What better way to celebrate the “Festival of Lights” than by bringing it to the headquarters of the “Light Up Somerset” movement.
On Monday, Rabbi Shlomo Litvin of the Chabad of the Bluegrass in Lexington visited the office of Somerset Mayor Alan Keck to light a menorah on the eighth and final day of Chanukah.
Also known as the “Festival of Lights,” Hanukkah celebrates a time when God’s miracle showed light to the Jewish people during one of its darkest chapters.
According to Chabad.org, in the 2nd century BC, the Seleucid (Greek) Empire attempted to force the people of Israel to accept Greek culture. A small group of ill-armed Jews led by Judah the Maccabees defeated the mighty army sent against them and reclaimed the Holy Temple in Jerusalem.
However, when the Jewish people went to light the temple menorah, they only had one jug (or jug) of oil which should have lasted for a day.
Miraculously, this one-day supply lasted for eight days until a new oil could be prepared.
This is a hugely simplified version of the story, but as Rabbi Litvin explained, the purpose of lighting the menorah for Chanukah is to represent the light that every person can become.
On the eighth day of Hanukkah, when the eight candles are lit, the menorah has reached its full potential and represents a tool in full use.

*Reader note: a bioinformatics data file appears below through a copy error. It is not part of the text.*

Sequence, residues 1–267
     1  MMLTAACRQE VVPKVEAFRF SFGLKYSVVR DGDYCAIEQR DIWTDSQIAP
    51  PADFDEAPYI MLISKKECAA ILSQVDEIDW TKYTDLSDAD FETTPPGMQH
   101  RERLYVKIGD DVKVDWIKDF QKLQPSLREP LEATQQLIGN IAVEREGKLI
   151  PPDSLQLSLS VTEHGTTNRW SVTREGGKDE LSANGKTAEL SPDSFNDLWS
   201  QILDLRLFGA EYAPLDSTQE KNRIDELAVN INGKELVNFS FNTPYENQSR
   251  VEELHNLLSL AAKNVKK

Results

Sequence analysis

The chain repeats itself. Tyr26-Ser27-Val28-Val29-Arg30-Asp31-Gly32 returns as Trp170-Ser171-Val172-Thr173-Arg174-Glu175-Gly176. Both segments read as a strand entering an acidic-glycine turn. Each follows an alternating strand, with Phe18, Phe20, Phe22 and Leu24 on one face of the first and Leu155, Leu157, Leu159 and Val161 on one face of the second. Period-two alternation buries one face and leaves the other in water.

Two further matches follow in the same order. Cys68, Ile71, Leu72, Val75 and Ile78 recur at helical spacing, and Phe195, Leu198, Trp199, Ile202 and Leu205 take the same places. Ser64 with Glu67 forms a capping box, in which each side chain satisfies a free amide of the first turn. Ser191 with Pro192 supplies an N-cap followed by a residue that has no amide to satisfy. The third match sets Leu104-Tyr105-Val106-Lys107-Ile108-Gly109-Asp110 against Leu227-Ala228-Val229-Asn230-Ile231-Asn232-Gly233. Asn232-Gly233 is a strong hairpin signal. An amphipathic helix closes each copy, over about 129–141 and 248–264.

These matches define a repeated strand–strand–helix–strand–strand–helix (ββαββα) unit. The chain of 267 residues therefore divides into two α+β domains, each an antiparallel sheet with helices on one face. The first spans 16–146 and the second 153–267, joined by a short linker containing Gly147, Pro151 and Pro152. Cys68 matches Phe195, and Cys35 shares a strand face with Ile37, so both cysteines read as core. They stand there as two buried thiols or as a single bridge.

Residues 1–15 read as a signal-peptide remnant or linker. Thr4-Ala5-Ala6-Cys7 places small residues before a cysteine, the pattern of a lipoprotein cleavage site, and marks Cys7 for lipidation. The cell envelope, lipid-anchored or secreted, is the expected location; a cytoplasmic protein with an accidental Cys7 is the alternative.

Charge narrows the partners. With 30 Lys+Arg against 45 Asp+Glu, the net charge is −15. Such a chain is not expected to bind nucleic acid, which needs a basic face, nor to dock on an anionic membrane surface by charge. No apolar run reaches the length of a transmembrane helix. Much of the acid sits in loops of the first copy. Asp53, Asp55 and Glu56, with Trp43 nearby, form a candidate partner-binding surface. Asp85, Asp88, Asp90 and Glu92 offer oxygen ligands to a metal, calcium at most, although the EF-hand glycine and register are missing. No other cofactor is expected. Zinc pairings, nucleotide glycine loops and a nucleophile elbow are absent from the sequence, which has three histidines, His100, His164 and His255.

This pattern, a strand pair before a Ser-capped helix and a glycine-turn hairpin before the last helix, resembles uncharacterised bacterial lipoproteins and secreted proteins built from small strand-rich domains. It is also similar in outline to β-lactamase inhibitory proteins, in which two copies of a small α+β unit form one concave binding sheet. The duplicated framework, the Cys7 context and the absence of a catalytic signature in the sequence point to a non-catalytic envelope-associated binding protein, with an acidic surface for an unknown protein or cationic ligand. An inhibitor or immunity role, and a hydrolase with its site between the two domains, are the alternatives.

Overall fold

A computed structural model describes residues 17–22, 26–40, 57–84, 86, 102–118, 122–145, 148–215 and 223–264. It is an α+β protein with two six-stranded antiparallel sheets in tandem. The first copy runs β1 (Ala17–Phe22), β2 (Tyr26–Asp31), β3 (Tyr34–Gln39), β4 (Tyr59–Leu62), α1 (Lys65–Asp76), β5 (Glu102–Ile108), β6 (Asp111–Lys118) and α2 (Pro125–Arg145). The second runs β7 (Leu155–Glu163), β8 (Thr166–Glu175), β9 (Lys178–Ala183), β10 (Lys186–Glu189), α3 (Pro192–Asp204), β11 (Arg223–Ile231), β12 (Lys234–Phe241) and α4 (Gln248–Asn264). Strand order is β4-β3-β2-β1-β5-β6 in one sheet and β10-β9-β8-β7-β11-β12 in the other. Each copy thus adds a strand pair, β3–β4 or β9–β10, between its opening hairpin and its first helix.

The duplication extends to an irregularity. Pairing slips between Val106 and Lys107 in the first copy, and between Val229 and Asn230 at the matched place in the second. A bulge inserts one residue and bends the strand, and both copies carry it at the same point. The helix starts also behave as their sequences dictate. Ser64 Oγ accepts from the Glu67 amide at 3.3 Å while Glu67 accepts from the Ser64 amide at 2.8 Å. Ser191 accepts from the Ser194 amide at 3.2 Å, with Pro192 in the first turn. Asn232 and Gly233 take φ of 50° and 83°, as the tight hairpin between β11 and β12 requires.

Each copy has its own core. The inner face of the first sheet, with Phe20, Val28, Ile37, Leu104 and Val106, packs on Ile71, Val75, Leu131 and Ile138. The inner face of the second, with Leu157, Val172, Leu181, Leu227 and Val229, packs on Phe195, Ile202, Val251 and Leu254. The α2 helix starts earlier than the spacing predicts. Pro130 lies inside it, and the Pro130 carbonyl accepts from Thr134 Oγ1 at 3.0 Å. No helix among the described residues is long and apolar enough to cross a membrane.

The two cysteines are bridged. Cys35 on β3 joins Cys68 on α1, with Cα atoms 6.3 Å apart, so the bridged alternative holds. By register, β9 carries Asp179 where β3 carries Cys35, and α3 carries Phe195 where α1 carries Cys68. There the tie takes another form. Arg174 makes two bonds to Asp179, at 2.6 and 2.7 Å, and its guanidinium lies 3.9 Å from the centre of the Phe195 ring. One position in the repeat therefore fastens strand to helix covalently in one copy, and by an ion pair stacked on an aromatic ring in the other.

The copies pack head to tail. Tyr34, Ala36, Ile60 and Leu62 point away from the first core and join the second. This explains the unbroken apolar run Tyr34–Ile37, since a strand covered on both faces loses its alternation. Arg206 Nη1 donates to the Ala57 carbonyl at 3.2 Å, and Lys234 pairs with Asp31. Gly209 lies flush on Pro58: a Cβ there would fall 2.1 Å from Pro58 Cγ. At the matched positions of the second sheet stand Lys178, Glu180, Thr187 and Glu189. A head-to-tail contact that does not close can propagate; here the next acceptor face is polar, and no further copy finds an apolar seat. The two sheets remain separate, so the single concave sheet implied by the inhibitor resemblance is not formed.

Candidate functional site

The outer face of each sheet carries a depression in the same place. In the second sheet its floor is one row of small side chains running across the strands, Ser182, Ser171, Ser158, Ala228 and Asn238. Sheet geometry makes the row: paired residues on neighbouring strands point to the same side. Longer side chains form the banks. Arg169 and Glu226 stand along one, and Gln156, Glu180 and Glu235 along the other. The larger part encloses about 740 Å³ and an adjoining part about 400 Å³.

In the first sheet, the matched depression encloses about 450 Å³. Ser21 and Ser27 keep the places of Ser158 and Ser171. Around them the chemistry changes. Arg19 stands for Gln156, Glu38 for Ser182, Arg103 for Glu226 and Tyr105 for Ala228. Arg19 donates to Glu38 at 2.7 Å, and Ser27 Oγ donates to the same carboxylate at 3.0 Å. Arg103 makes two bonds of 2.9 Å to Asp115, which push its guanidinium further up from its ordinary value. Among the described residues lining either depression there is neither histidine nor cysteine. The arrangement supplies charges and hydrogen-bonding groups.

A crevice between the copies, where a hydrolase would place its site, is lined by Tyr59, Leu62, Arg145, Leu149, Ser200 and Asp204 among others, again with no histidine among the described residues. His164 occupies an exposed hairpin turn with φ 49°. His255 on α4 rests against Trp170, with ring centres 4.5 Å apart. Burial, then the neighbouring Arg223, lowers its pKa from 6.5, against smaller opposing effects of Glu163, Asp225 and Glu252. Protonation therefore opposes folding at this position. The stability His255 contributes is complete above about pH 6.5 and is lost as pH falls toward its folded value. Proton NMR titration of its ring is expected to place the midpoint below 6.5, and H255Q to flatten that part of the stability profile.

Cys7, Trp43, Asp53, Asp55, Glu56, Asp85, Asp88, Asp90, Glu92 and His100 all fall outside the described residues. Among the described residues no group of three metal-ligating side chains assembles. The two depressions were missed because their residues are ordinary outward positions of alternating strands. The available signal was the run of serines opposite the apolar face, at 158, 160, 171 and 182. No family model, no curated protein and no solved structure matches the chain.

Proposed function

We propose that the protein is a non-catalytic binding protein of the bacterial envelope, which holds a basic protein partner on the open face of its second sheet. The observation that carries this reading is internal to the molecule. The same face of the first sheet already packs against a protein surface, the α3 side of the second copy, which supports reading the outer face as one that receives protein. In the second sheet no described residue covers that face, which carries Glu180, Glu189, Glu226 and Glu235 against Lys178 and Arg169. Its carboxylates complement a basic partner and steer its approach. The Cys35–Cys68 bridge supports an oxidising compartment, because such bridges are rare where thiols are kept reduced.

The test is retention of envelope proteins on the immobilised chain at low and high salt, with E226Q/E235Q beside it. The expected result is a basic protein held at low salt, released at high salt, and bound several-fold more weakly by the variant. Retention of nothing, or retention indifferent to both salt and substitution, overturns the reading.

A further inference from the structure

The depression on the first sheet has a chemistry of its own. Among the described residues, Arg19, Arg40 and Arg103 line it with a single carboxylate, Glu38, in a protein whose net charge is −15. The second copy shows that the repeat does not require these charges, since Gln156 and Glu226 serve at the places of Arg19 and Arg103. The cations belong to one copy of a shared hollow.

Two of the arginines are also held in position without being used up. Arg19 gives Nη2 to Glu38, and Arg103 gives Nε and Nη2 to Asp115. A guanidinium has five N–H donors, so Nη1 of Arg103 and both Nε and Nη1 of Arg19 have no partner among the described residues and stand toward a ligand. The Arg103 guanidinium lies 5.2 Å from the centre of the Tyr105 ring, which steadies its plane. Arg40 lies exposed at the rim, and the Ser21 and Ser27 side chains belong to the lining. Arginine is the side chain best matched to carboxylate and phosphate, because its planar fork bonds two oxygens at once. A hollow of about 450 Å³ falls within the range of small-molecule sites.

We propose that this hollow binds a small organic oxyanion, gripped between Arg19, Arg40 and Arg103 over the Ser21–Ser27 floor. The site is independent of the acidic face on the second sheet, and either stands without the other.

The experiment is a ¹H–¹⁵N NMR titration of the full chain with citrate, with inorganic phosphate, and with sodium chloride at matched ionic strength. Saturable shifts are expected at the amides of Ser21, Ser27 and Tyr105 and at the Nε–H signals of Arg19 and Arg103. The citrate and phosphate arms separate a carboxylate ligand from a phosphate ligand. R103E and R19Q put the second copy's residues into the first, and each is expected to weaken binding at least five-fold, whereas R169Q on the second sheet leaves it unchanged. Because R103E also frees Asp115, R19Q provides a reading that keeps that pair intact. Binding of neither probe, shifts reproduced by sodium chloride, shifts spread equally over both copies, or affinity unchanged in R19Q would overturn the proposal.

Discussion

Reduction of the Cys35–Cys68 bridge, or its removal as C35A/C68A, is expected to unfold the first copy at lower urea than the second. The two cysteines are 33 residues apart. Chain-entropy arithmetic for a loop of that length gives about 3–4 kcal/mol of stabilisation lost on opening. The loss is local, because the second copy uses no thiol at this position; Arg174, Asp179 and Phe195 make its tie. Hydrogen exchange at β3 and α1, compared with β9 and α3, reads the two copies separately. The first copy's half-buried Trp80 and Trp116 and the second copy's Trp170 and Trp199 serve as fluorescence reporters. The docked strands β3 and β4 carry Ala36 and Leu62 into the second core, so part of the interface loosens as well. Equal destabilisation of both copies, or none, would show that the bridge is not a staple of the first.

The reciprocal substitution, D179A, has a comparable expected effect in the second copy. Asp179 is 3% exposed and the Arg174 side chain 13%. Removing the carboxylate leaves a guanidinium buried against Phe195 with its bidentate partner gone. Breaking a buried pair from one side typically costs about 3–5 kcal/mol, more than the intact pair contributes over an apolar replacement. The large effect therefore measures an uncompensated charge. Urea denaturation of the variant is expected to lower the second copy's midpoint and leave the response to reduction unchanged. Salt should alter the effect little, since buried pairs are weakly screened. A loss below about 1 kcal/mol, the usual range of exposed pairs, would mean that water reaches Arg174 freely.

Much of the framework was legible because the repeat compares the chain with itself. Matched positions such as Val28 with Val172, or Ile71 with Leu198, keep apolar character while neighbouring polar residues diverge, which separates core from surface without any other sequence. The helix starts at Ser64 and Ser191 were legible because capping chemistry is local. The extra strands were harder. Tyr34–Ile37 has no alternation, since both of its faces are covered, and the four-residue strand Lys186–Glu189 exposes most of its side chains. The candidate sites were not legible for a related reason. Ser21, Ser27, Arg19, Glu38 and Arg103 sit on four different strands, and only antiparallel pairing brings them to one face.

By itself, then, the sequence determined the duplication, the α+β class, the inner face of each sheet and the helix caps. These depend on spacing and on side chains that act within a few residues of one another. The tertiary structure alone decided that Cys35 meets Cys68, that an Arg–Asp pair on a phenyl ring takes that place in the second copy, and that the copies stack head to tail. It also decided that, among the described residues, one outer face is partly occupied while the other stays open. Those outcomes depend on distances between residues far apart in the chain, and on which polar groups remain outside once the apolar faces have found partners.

“But that’s not enough,” Litvin said. “It’s just a tool. Hanukkah encourages us on this eighth day to bring this to life in the world. Continue to go out to bring this light to others.
Litvin said this message is similar to the values all Kentuckians hold.
“If you stand up for what is right, if you stand up for freedom, if you stand up for the light, God will take care of the rest,” he said. “If you stand in the breach, God will stand with you. I think this message resonates strongly in Kentucky. These values are the Kentucky values. This idea that “I will stand up for my beliefs, I will fight for my rights, I will fight for the rights of others, and that I have faith that God is with me. Here in Pulaski County and Somerset, that is exactly what Mayor Keck is doing.
For his part, Keck reflected on how his Light Up Somerset initiative – the plan that not only brings literal lights to the city center but launched the city center on a path of business revitalization – aligns with the Hanukkah message.
“It is an honor and a joy to celebrate Hanukkah with you,” Keck told the rabbi.
Litvin gave an example of how a person can be a light to others. “Judaism speaks of two kinds of righteous: a righteous with a fur coat and a righteous with fire. When you’re cold, there are two ways to help you enjoy it. You can put on a coat and you will be warm, but no one else has changed. Or, you can start a fire and warm everyone around you. The idea that we want to be the righteous man with the fire that both warms and warms his community.